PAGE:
Halo 5: Guardians

Halo 5: Guardians

Written by Charles Husemann on 10/26/2015 for XBO  
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Note this review only covers the single-player portion of the game. While we did try some of the multiplayer, it wasn't with the volume of users the game will see at launch, so we are not comfortable scoring that portion of the game currently.

This review will contain some light spoilers, but there's nothing that ruins the ending of the game or any of the major plot points from the last two-thirds of the story.

Halo 5 is the third game with 343 Industries at the helm. You can tell the development team is finally getting its hands around the franchise. Halo 4 was a solid effort that introduced a few new things, but Halo 5 feels like a much different, and much better, game than its predecessor, both in terms of pacing and execution.

The game opens with Locke and Master Chief going about the business of fighting the Covenant. The Covenant are in an all-out civil war with the UNSC backing the Arbiter's forces as they try to wrest control from Jul 'Mdama. Halo 5 assumes you are familiar with what happened in previous games. There is no real introduction or background to give you context for these events. Something to recap people on events from previous games would have been appreciated, but then again, we live in a world with Google and videos and Wikis to get up to speed on all that has happened previously.

Locke is a former ONI spy who has was recently retconned into the Halo universe. Locke heads up Fireteam Osisris which is filled out by three other Spartans, including former ODST soldier Buck (voiced by Nathan Fillion). Locke is all business, and he's a character that I eventually warmed up to once his motivations and drive were made clear. He contrasts very well with Buck who is a bit more fun and games. To be honest, I called Buck "Mal" most of the game because this is clearly Nathan Fillion channeling his character from the Firefly TV series.

Master Chief is leading Blue Team, which is composed of himself and three other Spartans. I'm not sure who is in charge of naming Spartan teams, but Master Chief got the short end of the stick on this one, as Blue Team is not nearly as cool of a name as Fireteam Osiris. Naming schemes aside, Master Chief is starting to show some signs of strain. He has dealt with the loss of Cortana by burying himself in his work.

Between the loss of Cortana and the stress of constantly going on missions, this gives Master Chief a much different feel than in previous games. It's odd to take Master Chief out on a mission without Cortana there to guide him. That lack of companionship doesn't really manifest itself in the gameplay, but you can see it a bit during the cutscenes. This isn't the invulnerable Master Chief that saved the planet in Halo 3. This is someone who is just soldiering on, dealing with loss, and trying to just put one foot in front of the other.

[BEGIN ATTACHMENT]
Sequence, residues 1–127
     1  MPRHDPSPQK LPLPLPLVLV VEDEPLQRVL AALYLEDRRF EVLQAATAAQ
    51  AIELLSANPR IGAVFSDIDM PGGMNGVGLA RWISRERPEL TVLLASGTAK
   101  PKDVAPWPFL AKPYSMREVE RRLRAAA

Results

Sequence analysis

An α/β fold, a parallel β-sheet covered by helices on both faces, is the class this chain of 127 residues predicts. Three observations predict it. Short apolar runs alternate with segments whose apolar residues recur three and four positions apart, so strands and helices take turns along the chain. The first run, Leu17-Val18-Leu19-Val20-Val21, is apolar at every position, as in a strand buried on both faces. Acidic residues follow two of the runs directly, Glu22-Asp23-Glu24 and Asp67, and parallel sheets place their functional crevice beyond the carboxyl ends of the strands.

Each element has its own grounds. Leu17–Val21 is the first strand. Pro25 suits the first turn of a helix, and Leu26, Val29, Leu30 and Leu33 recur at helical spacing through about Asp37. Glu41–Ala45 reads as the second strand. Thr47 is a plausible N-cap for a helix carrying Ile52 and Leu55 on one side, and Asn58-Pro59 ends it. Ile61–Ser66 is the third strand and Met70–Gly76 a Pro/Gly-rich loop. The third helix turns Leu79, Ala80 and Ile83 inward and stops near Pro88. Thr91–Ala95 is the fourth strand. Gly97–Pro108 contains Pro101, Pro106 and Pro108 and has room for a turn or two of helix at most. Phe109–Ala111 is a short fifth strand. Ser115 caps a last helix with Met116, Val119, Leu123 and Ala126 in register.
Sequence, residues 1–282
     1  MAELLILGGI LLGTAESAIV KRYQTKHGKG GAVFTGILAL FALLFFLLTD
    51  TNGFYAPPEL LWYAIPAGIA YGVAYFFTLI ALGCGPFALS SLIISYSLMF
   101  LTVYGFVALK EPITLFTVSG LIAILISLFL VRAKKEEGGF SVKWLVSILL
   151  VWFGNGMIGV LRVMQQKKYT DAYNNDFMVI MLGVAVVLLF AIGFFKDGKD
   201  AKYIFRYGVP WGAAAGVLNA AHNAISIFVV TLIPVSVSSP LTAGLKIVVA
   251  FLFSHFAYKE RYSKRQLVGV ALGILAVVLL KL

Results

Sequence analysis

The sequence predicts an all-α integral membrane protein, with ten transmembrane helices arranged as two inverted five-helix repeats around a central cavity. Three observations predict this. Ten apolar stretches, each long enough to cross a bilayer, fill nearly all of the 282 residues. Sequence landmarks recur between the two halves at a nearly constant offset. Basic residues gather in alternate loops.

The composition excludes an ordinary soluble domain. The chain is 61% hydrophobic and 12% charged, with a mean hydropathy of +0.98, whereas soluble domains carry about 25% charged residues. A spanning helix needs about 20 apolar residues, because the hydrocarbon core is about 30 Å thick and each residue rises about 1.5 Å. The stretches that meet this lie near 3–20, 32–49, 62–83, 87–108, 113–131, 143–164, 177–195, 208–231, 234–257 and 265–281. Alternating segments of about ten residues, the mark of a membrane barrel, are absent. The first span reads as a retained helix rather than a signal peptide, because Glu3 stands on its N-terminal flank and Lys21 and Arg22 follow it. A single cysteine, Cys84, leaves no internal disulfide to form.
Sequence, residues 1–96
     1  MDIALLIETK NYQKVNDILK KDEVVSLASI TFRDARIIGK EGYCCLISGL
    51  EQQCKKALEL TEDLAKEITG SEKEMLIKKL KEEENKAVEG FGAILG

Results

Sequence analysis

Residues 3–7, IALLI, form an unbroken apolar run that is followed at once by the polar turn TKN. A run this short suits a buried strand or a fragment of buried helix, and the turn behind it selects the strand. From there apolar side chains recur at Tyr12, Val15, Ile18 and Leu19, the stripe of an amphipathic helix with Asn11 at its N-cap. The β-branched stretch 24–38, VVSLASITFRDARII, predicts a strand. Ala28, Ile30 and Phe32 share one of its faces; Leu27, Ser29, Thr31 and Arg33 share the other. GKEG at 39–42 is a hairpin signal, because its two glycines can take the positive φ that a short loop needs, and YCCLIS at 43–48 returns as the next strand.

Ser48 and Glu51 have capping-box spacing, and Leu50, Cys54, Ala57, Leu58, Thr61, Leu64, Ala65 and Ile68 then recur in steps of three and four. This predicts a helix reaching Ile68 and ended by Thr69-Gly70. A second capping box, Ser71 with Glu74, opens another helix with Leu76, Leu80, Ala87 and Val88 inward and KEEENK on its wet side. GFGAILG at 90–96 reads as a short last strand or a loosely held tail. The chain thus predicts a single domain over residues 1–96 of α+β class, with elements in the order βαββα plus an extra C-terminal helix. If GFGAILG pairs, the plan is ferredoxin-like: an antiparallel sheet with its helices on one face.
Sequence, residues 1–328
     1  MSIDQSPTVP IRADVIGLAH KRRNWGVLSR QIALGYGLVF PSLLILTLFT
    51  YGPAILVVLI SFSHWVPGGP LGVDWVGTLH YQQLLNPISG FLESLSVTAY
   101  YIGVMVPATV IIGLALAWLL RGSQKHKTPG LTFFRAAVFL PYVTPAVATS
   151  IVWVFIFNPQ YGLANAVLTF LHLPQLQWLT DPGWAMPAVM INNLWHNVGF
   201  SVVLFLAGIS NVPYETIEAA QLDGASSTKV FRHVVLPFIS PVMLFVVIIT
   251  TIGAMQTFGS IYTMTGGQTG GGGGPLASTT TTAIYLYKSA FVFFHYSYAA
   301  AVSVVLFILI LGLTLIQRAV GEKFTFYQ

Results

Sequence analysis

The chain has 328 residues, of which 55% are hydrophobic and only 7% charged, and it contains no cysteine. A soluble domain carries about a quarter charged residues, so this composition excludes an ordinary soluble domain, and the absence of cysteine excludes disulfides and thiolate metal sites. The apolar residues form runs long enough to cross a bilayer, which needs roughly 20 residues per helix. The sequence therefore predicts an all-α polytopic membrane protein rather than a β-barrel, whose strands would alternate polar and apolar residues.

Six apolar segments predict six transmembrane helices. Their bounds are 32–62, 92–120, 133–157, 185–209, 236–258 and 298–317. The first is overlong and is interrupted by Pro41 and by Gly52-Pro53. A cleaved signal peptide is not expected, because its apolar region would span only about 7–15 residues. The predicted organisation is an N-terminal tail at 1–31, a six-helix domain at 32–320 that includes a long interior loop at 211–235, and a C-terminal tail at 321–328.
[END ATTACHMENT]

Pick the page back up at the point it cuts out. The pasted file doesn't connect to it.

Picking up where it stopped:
It turns out that Cortana didn't actually die at the end of Halo 4 (try to act surprised). Rather, she escaped using a backdoor she discovered while helping Chief defeat the Diadact. This backdoor allowed Cortana to discover a cure for the rampancy that was driving her insane, as well find a way to bring peace to the universe.

This peace will be created by Cortana assuming the Mantle of Responsibility, something that has been a part of Halo lore for a while. It's worth noting that this peace should really have quotation marks around it, as the mantle gives Cortana the ability to control giant Guardians which have been hidden in various planets around the universe, waiting to be activated.

The problem is that most of the Guardians have been buried on populated planets. Waking them up causes large amounts of death and destruction. The Guardians also emit electronic jamming pulses as they wake up, which doesn't help matters much.

These Guardians can slipstream to any place in the universe almost instantly, and can snuff out any species that doesn't bend a knee to Cortana and how she thinks the universe should be run. It's in this context that Master Chief much try to reach Cortana and stop her. Since he doesn't have time to tell the USNC what's going on, they assume he's gone rogue. They send Locke and his team out to capture him.

The single-player campaign stretches out over 15 missions and took me around eight hours to complete on normal difficulty. If you spend time searching for everything and playing on a harder difficulty, I could see that number climbing by four to five hours. As you play through the game, you'll alternate between playing Locke and Master Chief, and you'll have your fire team with you as you go.

The team aspect is important, as members of your team can revive you in most cases if you're killed by enemy fire. If you're vaporized by an enemy, crushed by something, or if your team is wiped out, then you'll have to restart from your last save point. Save points are abundant and I never felt like dying set me back too far.